Makefile language is a functional, dynamically typed language, and of course, it is Turing complete. It’s probably the most popular, unpopular programming language, widely adopted in many programming projects (especially ones using C as the main language). While it shares many features with other functional languages, it has rather an unorthodox syntax.

In the following tutorial, I would be assuming that you are using a Unix-like operating system. GNU Make is probably already preinstalled, so you don’t need to do anything.

The code examples can be found here.

Variables

Makefiles have two flavors of variables. The simple expanded variables work like ordinary variables, we can assign values to them (:=), access, and modify their values. Let’s take the following code as an example:

GREET := Hi

main:
    echo $(GREET) World

Makefile does not have a REPL environment, so to run it we first need to save it into a file, we’ll use variables.mk file for it. Next, we can run it using the make command:

$ make -f variables.mk
echo Hi World
Hi World

Alternatively, a variable can be passed to the program when calling it:

$ make -f variables.mk GREET=Hello
echo Hello World
Hello World

As you can see, the variable assignments are only used to define the default values. To set variables that could not be changed by the user, use the overwrite keyword.

Another kind of variable is the recursively expanded, assigned with =. Those variables behave similar to pointers, because they can point to other variables and will change when the variables they refer to change. This is best illustrated with an example.

GREET = $(MESSAGE)
MESSAGE := Hi

main:
    @ echo $(GREET) World  # with @ the command is not printed

If we used instead

- GREET = $(MESSAGE)
+ GREET := $(MESSAGE)

and didn’t provide the value for neither GREET nor MESSAGE, GREET would be null by default and print as an empty string, like below.

$ make -f variables.mk
World

However with GREET = $(MESSAGE), it expands to the value it points to:

$ make -f variables.mk
Hi World
$ make -f variables.mk GREET=Hola
Hola World
$ make -f variables.mk MESSAGE=Hello
Hello World
$ make -f variables.mk GREET=Hola MESSAGE=Hello
Hola World

Variables are defined be a convention on the top of the Makefile. They cannot be modified within the functions, the code below won’t work.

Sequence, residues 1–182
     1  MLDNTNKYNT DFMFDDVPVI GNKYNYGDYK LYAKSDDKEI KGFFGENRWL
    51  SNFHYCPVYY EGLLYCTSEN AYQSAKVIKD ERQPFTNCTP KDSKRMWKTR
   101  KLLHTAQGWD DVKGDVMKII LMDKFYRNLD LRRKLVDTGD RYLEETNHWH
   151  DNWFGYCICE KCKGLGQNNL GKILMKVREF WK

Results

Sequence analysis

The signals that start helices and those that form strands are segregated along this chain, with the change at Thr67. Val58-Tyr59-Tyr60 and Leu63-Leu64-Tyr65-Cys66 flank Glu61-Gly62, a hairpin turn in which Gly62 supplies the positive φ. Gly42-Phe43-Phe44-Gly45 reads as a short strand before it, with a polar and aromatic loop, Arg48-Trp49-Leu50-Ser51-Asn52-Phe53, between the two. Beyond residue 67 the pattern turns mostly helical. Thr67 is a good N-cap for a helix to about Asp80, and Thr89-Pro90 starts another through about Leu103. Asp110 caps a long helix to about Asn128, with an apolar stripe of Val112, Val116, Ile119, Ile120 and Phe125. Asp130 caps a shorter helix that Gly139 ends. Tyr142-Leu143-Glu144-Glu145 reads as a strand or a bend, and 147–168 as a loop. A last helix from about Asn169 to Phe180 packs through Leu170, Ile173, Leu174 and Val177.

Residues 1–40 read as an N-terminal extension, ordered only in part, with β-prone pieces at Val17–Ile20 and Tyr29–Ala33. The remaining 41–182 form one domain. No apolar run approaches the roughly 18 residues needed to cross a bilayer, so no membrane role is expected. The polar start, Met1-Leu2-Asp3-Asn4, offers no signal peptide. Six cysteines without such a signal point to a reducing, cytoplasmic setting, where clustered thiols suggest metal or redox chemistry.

invalid:
	MESSAGE := Hello
	@ echo $(MESSAGE) World
$ make -f variables.mk invalid
MESSAGE := Hello
make: MESSAGE: No such file or directory
make: *** [invalid] Error 1

What this means for us, is that we need to treat the data as immutable and embrace the functional programming style.

Lists

As other LISPs, Makefile natively supports list data structures and has several methods for interacting with lists:

  • $(words $(LIST)) returns size of the LIST,
  • $(firstword $(LIST)) returns first element of the LIST,
  • $(word $(N), $(LIST)) returns Nth element of the LIST,
  • $(wordlist $(START), $(END), $(LIST)) returns elements from START to END (inclusive),
  • variable += value adds value to variable, treating variable as a list.

To do (cons cat cdr) as in Scheme, in Makefile we just need to construct it is a regular string "$(CAT) $(CDR)".

Lists are passed as strings with elements separated by spaces, LIST="1 2 3 4" is a list of four elements. Unlike other LISPs, Makefile does not have native support for lists of lists or other data structures, so implementing them is left as an exercise for the user.

Makefile has foreach and filter methods for working with lists that may be known to users of other functional programming languages (foreach corresponds to map). To implement the function that reduces the list, we need to use recursion.

Functions

Functions (or targets as they are called) in Makefile are defined by writing their name followed by :, where the code starts from the next line indented with tab (sorry space users). The syntax might feel familiar to Python, Haskell, or OCaml programmers.

GREET := Hello

hello:
    @ echo "$(GREET) World!"

date:
    @ echo $(shell date)

By default, Makefile assumes the first function in the file to be the main entry point (like the main function in Go).

$ make -f functions.mk
Hello World!
$ make -f functions.mk date
Tue 4 Jan 20:47:28 CET 2022

We can of course call functions from other functions. For example, we could define another function that would invoke the two functions above.

message:
    @ $(MAKE) -f functions.mk hello GREET=Hi
    @ echo "It's" "$(shell $(MAKE) -f functions.mk date)"

To call the other functions, we used the $(MAKE) command. If directory contains only one Makefile, $(MAKE) alone can be used, but when there are multiple Makefiles available, we need to name the specific file. In the first line of the function, we called make alone, but in the second line its output was passed as an argument to another function, so we needed to call it with $(shell command) (see below).

The example above shows also how Makefile code can be grouped into packages (files) and imported. The -f syntax helps to distinguish the source of the function like Go (e.g. fmt.Println) or Python (e.g. datetime.datetime) do using the dot instead.

Remember that each line of the function is executed in its own subshell so they don’t share their states. This can be changed using .ONESHELL target.

Chained functions

Makefiles support chained execution of the functions, where a function can define its dependencies that will be called before executing it.

numbers: one two three

one:
    @ echo One

two:
    @ echo Two

three:
    @ echo Three

Since the functions don’t share any state, the only way to pass data between them is through writing and reading files.